Editorial note: If you have not yet read our mission statement above, please do so in order that you can put our blogs in context.
6 January 2013
“I can sympathize with the French sense of loss at the defeat of the language of Voltaire by the world triumph of the language of Benjamin Franklin. It is not only a linguistic but a cultural transformation, for it marks the end of the minority cultures in which only the elites needed international communication, and it hardly mattered that the idiom in which it took place was not widely spoken on the globe, or even – as in the classical dead languages – that it was not spoken at all. I can understand the retreat of a once hegemonic French culture into an hexagonal ghetto….It is not that this is what Paris wants, but simply that it cannot get used to a state of affairs in which the rest of the world no longer looks to Paris and follows its lead. It is a hard fate to go from global hegemony to regionalism in two generations. It is hardest of all to discover that for most of the world none of this matters. But it matters for my generation of Europeans, Latin Americans and Middle Easterners. And it should matter to younger generations. The stubborn rearguard action by France in defence of the global role of her language and culture may be doomed, but it is also a necessary defence, by no means predestined to failure, of every language, and national and cultural specificity against the homogenization of an essentially plural humanity by the processes of globalization.”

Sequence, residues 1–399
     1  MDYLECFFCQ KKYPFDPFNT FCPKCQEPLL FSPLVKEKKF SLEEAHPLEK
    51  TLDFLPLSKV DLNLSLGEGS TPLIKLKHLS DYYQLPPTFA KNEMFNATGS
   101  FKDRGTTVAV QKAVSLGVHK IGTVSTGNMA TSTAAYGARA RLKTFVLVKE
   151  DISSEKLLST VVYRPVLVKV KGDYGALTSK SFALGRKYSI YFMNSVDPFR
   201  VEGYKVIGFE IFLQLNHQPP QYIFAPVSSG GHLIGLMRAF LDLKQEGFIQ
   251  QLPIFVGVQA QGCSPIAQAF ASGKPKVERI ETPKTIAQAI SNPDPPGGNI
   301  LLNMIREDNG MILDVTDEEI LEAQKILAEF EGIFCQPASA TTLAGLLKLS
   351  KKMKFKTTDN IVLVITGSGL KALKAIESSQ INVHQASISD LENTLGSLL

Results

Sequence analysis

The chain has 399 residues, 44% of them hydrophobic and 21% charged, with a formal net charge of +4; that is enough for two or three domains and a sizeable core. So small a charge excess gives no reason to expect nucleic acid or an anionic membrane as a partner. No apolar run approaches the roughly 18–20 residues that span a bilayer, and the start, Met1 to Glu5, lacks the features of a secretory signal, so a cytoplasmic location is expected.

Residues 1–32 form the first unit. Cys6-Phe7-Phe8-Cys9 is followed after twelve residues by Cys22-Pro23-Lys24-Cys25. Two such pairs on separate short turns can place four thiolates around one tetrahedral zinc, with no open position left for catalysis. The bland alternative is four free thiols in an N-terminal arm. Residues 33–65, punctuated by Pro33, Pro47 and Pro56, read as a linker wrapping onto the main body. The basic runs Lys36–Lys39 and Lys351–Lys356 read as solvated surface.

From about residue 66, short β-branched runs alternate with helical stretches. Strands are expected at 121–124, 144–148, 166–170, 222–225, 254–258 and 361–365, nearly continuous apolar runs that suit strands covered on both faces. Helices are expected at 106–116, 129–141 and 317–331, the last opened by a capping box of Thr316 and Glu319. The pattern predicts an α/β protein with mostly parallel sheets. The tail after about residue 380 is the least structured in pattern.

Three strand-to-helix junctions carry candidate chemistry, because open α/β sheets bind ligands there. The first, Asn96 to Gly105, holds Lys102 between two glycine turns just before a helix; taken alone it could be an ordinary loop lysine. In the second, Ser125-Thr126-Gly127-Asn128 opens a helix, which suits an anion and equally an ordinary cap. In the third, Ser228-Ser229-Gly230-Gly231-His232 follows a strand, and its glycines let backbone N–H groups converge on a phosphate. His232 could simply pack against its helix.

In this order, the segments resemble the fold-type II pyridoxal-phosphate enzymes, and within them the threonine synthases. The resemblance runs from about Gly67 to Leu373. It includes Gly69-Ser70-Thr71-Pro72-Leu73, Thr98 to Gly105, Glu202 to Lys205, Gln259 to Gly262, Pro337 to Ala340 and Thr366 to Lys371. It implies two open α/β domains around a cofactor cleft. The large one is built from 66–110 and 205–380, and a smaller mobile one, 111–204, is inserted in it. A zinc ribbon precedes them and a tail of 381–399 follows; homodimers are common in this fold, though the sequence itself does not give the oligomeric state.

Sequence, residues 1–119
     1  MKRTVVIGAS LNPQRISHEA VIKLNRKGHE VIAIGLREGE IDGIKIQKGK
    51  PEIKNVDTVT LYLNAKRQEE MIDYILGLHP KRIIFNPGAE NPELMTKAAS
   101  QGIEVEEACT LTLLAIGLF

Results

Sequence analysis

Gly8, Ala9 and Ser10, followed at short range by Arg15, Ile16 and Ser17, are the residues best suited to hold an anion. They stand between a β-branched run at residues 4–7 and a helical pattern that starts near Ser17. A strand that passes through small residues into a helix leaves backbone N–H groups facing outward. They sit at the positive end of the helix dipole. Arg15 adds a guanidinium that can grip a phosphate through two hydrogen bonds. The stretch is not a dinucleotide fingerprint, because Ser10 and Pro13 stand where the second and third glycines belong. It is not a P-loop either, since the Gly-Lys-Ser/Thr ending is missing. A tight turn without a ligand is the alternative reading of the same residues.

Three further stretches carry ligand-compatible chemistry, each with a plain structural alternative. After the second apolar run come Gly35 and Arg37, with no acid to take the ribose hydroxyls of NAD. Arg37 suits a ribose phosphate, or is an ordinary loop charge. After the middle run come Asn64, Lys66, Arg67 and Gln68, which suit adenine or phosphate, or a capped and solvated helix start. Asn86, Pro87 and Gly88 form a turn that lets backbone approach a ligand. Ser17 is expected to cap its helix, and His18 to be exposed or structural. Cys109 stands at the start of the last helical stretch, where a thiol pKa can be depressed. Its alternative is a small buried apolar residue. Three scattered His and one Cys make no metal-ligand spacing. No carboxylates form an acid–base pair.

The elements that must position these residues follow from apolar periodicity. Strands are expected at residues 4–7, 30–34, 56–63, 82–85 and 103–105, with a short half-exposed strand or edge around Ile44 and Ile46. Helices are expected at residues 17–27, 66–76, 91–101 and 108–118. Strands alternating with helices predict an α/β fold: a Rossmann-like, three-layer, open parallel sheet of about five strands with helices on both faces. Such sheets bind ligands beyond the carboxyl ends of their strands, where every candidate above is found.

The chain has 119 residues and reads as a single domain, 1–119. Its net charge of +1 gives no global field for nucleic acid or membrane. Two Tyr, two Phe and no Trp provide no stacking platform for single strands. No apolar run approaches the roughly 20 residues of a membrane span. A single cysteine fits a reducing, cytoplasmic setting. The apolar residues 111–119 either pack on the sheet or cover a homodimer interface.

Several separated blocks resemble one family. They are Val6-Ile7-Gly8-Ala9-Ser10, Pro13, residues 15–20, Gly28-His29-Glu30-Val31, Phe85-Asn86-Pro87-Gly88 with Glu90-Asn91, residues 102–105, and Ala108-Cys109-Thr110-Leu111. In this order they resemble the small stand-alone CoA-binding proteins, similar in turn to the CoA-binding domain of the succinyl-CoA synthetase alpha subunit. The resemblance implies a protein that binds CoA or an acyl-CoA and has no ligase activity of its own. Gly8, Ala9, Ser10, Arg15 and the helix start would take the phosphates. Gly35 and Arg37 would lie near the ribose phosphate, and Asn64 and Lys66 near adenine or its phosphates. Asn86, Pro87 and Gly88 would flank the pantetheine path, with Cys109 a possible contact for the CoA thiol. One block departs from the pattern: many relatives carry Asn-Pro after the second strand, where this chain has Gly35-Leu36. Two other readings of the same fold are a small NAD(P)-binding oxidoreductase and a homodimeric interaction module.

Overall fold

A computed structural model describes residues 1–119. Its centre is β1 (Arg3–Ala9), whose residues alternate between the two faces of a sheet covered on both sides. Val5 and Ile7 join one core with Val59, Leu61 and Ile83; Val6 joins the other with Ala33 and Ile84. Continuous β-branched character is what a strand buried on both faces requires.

This is a passage from “Interesting Times: A Twentieth-Century Life” (page 336), the autobiography, published in 2002, of the late polyglot polymath Marxist historian Eric Hobsbawm (1917-2012), who was born in Alexandria and educated in Vienna, Berlin, London and Cambridge.
Antigone1984: To pick out just one example of what Hobsbawm is driving at, you have only to read the novel “War and Peace” by Leo Tolstoy (1828-1910) to understand the integral place of the French language in the culture and intercourse of the Russian elite in the late eighteenth and early nineteenth centuries.
You might perhaps care to view some of our earlier posts. For instance:
1. Why? or How? That is the question (3 Jan 2012)
2. Partitocracy v. Democracy (20 July 2012)
3. The shoddiest possible goods at the highest possible prices (2 Feb 2012)
4. Capitalism in practice (4 July 2012)
5.Ladder (21 June 2012)
6. A tale of two cities (1) (6 June 2012)
7. A tale of two cities (2) (7 June 2012)
8. Where’s the beef? Ontology and tinned meat (31 Jan 2012)
Every so often we shall change this sample of previously published posts.